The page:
Adjuvant chemotherapy in early-stage colon cancer may improve survival

Researchers and physicians have grappled with the role of ‘adjuvant,’ or post-surgery, chemotherapy for patients with early-stage colon cancer, even for cancers considered high risk. Now researchers from the University of Illinois at Chicago have found an association between the use of adjuvant chemotherapy in stage 2 colon cancer and improved survival – regardless of a patient’s age or risk, or even of the specific chemotherapy administered.

The American Cancer Society estimates that more than 95,000 people in the U.S. will be diagnosed with colon cancer this year, making it the third-most common cancer diagnosis in men and women in the U.S. It is the second-leading cause of cancer-related deaths.

Adjuvant chemotherapy has long been proven to help patients fighting advanced colon cancer. However, its benefit for patients with stage 2 colon cancer remains unknown, and current clinical guidelines only recommend that physicians discuss this treatment option with stage 2 patients whose cancer is considered high-risk and likely to return after surgery.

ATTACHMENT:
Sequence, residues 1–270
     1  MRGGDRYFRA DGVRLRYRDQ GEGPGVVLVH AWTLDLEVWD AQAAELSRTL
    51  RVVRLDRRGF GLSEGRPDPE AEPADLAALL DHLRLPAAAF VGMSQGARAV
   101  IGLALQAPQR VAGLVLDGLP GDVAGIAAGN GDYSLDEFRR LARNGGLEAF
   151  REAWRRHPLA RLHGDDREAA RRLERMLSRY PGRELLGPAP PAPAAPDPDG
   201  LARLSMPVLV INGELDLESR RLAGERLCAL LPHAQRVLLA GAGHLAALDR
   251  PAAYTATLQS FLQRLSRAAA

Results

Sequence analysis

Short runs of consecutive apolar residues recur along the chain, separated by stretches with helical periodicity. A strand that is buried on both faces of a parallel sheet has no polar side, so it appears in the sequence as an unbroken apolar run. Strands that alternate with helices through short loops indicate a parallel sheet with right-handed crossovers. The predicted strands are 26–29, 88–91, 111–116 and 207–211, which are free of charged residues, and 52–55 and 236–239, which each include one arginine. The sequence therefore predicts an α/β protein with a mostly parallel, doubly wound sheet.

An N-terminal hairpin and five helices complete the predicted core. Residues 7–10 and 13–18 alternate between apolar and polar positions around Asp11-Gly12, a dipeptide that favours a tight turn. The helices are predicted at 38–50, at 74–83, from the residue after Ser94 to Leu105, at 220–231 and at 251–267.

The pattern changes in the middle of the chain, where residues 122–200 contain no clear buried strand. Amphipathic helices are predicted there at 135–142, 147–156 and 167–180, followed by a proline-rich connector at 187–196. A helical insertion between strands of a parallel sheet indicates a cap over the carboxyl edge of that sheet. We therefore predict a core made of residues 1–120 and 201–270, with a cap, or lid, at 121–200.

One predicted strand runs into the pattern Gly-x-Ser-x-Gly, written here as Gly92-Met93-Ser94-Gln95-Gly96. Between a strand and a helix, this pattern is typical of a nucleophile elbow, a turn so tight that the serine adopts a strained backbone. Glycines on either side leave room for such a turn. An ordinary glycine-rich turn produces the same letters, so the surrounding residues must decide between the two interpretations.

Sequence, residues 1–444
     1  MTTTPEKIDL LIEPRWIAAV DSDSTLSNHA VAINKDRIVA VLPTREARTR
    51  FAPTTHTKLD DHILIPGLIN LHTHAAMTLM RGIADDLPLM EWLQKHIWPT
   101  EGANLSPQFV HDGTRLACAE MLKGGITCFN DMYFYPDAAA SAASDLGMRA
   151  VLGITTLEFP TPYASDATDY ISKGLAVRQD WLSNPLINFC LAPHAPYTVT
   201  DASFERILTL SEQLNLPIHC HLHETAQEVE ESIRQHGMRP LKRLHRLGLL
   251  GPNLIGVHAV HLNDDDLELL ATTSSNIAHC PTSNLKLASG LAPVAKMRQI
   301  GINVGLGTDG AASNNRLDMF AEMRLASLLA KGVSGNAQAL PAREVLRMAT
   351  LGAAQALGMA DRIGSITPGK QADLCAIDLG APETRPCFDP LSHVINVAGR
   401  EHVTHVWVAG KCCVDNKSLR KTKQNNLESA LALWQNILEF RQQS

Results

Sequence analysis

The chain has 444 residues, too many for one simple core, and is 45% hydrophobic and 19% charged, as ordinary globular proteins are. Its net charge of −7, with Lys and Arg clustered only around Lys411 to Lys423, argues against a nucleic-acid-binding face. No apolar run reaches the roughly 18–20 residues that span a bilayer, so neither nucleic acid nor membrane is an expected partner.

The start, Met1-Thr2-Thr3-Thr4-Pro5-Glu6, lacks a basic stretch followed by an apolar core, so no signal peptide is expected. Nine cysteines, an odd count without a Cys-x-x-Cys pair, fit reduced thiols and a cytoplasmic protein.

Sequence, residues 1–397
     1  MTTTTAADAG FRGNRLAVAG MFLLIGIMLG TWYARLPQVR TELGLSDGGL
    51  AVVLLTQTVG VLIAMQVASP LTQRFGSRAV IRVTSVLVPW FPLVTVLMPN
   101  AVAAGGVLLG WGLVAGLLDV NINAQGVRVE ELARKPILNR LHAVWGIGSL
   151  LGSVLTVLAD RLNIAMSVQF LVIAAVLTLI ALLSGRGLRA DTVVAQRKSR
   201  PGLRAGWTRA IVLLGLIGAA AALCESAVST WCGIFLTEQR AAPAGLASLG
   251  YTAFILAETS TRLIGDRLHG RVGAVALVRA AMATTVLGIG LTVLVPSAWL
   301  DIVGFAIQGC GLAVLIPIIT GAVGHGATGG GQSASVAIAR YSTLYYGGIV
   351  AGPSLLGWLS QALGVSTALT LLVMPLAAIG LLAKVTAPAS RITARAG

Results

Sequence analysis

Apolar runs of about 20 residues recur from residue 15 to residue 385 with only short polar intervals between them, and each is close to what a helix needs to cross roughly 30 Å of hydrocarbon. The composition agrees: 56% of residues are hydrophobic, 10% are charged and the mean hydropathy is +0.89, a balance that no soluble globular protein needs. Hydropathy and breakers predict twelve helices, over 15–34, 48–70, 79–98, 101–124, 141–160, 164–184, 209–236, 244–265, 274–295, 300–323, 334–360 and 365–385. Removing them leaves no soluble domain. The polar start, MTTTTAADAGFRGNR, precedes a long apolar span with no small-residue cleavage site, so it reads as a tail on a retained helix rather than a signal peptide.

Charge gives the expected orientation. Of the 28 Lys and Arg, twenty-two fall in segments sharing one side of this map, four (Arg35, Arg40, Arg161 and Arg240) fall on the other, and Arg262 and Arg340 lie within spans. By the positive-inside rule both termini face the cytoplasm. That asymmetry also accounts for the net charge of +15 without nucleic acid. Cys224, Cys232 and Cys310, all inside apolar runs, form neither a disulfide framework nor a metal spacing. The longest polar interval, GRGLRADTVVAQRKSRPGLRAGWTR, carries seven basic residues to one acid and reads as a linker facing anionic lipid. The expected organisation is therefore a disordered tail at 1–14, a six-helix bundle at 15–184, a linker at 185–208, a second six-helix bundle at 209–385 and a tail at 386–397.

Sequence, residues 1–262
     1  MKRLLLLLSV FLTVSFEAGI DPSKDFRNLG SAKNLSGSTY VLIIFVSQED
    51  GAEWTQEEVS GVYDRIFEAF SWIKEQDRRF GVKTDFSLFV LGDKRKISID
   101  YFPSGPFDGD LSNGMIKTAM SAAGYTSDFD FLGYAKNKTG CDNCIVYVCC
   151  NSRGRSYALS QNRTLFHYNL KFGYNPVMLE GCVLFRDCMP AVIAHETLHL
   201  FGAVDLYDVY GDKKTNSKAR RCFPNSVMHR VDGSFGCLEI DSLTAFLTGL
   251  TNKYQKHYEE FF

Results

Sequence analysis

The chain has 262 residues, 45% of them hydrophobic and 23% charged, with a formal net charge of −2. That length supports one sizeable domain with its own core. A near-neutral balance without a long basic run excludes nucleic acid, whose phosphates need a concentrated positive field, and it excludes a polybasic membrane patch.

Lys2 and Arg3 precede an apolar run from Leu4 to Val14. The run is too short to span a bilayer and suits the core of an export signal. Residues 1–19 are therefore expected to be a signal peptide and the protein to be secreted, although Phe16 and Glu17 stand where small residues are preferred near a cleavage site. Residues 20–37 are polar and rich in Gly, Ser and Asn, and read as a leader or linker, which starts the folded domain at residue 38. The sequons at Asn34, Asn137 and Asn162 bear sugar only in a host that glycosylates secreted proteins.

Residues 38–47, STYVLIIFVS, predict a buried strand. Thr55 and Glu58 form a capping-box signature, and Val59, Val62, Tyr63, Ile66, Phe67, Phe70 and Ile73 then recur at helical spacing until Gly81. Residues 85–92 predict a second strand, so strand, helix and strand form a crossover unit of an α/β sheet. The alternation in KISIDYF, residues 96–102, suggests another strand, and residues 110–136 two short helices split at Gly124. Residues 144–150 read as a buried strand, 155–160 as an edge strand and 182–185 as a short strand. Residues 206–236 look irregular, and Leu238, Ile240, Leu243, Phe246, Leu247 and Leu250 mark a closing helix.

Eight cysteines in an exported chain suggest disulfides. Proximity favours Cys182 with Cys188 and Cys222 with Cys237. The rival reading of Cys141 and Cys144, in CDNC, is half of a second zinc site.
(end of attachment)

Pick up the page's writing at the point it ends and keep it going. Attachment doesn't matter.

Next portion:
‘The results of this study are exciting, and certain aspects not entirely expected,’ says lead author Dr. Ajay Maker, associate professor of surgery in the UIC College of Medicine and director of surgical oncology for the Advocate Creticos Cancer Center. ‘For many years, studies have included, but not focused on, stage 2 colon cancer patients. This study, which looks at the largest group of stage 2 colon cancer patients to date, set out to better understand the role of adjuvant chemotherapy in treating patients that are fighting this specific type and stage of cancer.’

Medical Center.
This research was funded in part by the the National Cancer Institute, one of the National Institutes of Health, under grant K08CA190855.

University of Illinois at Chicago